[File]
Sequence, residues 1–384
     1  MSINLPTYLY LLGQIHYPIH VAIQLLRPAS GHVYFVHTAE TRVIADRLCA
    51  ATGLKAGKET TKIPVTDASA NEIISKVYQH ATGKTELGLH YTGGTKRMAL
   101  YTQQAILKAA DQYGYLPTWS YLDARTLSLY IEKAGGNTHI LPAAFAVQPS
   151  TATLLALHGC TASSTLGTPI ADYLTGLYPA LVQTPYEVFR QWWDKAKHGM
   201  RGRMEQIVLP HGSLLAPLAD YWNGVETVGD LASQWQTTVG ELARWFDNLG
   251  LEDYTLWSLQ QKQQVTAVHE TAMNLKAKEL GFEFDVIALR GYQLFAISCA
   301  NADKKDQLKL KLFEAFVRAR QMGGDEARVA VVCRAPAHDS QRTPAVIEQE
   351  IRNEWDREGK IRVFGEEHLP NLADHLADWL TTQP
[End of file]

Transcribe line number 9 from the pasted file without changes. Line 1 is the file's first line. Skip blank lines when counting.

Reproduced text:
   351  IRNEWDREGK IRVFGEEHLP NLADHLADWL TTQP